New Horizons

Woman to Woman: Where Shall I Go?

To: JuneMcrea@ustel.com
From: KellyTodd@linkmac.com

Dear Aunt June,

Picture this. I'm in the dry cleaner's parking lot. I just met with the manager to discuss his new ad in the Little Creek Times. My cell phone rings. It's the recruiting coordinator from Phipps Advertising in Indianapolis (my dream job!) calling to set up an interview for next week. And then—this is the unbelievable part—within the hour, the phone rings and it's a partner from that small design firm in nearby Jackson. She tells me that they are looking to hire an associate and want to meet me. Suddenly, I've got two interviews next week after hearing nothing since my interviews on campus.

You've probably heard of Phipps. They're a big name regionally and have clients coast-to-coast. It would be very challenging and exciting work—eventually. For the first few years, I'd be in a back office with little client contact. Not so with the small Jackson firm. I would be one of five designers and would have the opportunity to jump right in and put my skills to use.

Hopefully one of these will work out. But what if I get offers from both? I don't know how I'll decide. Big firm versus small firm, hours from home versus an hour from home. Whatever decision I make will determine the course of my life for years to come. Please pray that God will make his will known to me.

Kelly

*     *     *     *     *

To: KellyTodd@linkmac.com
From: JuneMcrea@ustel.com

Dear Kelly,

So glad to hear you've got two interviews next week. You may have some big decisions ahead of you. I can tell you feel pressure to make the "right ones." Most everyone feels that kind of pressure when faced with a tough choice, but sometimes Christians get themselves into a bind trying to discern God's will. Remember, it's not your job to try to discover God's secret will for your life. "The secret things belong to the Lord our God, but the things that are revealed belong to us" (Deut. 29:29). God's will for our lives—the will of God we must follow—is that which he has revealed in his Word. "Your word is a lamp to my feet and a light to my path" (Ps. 119:105).

Depend upon God for the grace and wisdom to obey him in your choices. Evaluate your alternatives in light of the principles of righteous conduct you find in Scripture. For example, since both companies are advertising firms, consider whether the ads they produce are truthful. Our Lord speaks the truth, and so should we. Would your work for either firm bring glory to Christ and his kingdom? Would it benefit others? Don't forget your desires for the future. They're not irrelevant. Also, examine yourself for sinful motivations. (Think about Jonah in the Old Testament. Taking a trip to Tarshish isn't sinful, but taking a trip to Tarshish for the purpose of evading God and his instructions is.)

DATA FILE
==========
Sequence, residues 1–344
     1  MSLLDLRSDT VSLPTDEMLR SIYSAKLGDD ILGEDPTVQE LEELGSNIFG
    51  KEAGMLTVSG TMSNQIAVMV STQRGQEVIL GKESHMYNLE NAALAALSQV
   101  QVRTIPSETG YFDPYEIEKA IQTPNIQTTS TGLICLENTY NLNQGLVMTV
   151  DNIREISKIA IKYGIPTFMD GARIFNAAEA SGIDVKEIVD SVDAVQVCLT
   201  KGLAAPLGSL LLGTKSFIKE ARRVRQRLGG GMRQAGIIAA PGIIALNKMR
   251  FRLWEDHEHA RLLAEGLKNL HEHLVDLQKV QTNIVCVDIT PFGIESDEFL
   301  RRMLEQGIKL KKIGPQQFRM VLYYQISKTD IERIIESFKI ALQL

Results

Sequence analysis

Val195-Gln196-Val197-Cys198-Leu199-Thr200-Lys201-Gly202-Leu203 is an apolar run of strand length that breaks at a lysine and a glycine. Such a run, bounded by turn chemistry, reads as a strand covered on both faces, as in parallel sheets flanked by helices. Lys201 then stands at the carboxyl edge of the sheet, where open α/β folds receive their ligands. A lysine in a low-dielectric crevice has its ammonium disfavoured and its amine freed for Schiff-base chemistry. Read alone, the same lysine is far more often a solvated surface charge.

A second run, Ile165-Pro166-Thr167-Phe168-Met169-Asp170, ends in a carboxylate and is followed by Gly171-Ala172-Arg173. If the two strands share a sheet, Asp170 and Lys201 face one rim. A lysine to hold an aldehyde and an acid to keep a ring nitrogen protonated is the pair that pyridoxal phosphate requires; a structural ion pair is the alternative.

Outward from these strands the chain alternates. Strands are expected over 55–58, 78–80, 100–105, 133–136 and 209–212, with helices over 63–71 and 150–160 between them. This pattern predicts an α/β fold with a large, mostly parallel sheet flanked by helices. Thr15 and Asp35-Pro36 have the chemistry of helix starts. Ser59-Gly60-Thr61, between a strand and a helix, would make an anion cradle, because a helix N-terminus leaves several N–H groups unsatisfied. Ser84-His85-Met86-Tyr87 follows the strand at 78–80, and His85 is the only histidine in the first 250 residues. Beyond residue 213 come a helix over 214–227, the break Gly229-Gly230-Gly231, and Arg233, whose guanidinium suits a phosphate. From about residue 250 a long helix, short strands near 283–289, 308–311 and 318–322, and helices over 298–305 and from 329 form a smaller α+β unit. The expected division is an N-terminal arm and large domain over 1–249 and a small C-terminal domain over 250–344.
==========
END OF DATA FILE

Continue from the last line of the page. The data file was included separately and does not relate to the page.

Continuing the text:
Pray for the Spirit's help in understanding and applying God's Word to your situation. The Spirit and the Word won't lead you in two different directions—they go together.

A few dos and don'ts as you weigh your decision. Don't expect to find a Bible verse telling you where to live or which firm is right for you. Don't expect to hear a voice telling you which one to pick, either. Do consider how your decision will affect your spiritual life. How far will you need to travel to church? Will your employer's demands conflict with your Lord's? Will moving away from your family put strains or temptations before you that could cause you to sin?

That's a lot to think about. As you do, be sure to seek godly counsel. Of course, your parents will have thoughts to share with you. But don't be afraid to speak to your pastor, one of the elders, or others in the church who know and care about you. We'll be praying for peace and preparedness for your interviews and wisdom as you make decisions.

Love,
Aunt June

*     *     *     *     *

To: JuneMcrea@ustel.com
From: KellyTodd@linkmac.com

Dear Aunt June,

Thanks for your advice. I told Pastor Dave about my upcoming interviews. He said he'd pray for me, and put me in touch with his sister, who is a CPA with her own office. She started her career at one of the big accounting firms in Indianapolis. We met for lunch, and she told me that her big-city firm experience was invaluable professionally, but that having a small office now allows her more control over her time—essential, now that she's married. Something to think about, even though I'm as likely to get married soon as land on a TV reality show.

I'll let you know what happens.

*     *     *     *     *

To: JuneMcrea@ustel.com
From: KellyTodd@linkmac.com

I got the job! Packing again to move to Indianapolis tomorrow for the job with Phipps. I start next week. THANK YOU for your prayers. Keep on praying!

Love,
Kelly

This series of fictional e-mail correspondence is being written by three women in the OPC. New Horizons, October 2011.

Return to Formatted Page